First posted on LinkedIn June 7, 2016
Last week, I was working with a multi-agency leadership team comprising local government, health, police, private and third sector partners. They are grappling with some particularly acerbic social issues; those so-called ‘wicked’ problems that defy linear, planned change and disregard ordinary leadership techniques.
This group seeks strategic alignment across multiple agencies each with its own agenda. They want to agree ways of integrated working and to shift their collective mindset to build their understanding of a very complex issue. The fledgling team are building the capability to deal with it across organisational boundaries and, most importantly of all, they want to build trust to lead a borough of several hundred thousand citizens towards a brighter future. They are operating at the cutting edge of societal leadership.
Colleagues and I have offered several coaching sessions. We commenced with exploring how the members of the group would work together and quickly, possibly too quickly, moved into detailed action planning. As coaches, we noticed how the group all too readily opted to work on a detailed, task focused agenda; one which was probably too ‘safe’.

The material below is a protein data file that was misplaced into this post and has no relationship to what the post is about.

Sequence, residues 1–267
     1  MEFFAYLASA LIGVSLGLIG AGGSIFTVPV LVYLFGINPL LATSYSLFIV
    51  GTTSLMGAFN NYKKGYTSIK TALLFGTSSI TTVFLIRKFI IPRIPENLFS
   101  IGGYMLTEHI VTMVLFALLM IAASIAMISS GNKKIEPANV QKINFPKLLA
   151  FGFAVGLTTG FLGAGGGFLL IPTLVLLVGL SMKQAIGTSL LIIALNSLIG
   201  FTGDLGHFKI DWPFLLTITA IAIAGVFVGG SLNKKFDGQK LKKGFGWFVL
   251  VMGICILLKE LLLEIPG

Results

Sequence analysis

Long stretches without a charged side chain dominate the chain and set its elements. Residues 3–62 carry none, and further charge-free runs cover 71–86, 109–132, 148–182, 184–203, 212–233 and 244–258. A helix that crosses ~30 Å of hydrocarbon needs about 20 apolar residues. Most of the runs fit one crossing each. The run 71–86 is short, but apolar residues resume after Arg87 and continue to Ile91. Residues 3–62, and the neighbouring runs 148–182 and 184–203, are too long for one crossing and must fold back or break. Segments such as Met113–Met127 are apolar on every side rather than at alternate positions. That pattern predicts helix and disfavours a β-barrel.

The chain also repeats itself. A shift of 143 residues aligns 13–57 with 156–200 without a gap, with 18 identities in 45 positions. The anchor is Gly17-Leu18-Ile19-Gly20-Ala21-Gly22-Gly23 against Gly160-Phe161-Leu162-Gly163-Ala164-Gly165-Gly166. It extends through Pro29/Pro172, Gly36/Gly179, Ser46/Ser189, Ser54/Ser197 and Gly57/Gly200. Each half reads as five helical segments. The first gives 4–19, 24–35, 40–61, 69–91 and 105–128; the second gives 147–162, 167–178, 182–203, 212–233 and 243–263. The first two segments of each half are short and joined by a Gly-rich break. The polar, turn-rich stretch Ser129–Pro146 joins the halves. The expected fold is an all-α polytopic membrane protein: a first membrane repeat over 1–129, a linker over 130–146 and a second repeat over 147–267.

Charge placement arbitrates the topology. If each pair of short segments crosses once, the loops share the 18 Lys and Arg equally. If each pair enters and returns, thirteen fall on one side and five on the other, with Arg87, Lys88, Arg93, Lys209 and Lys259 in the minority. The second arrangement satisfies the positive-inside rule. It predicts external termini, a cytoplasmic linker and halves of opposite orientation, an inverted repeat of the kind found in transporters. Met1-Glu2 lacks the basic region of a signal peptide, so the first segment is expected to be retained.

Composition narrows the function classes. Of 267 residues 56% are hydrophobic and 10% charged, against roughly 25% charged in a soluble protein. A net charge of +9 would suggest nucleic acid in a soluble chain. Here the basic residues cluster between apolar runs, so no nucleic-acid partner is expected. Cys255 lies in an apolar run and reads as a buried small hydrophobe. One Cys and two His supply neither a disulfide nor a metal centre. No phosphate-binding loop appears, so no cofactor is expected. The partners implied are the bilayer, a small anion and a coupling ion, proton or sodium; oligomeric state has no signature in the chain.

Thankfully, we recognised and surfaced what we had observed and challenged the group to occupy a more strategic place; one of challenge and support; one of leading complexity. Our coachees then started to experience a sense of togetherness. At last week’s session, the fifth in the series, agreed no less than 27 individual actions focused on what they want to achieve, how they are going to progress them and how they will build trusting relationships between themselves.
I have seen this group grow through the forming-storming-norming-performing stages of Bruce Tuckman’s famous teamwork theory (Tuckman, BW, 1965, Developmental Sequence in Small Groups, Psychological Bulletin 63, pp384-399) in a matter of weeks.
This I believe vindicates the approach the coaches took in the early days of focusing on the ‘how’, resisting moving into tasks until the group was ready. It also goes to show the importance of a group coach whose presence is at once essential to the group’s development and is also irrelevant to the group’s purpose. This is because (s)he is but one who facilitates the discussion.
Undisciplined problems disrespect conventional leadership development. Group coaching is far from conventional and I believe offers a disciplined focus that is most appropriate to such wicked issues.
Jeremy J Lewis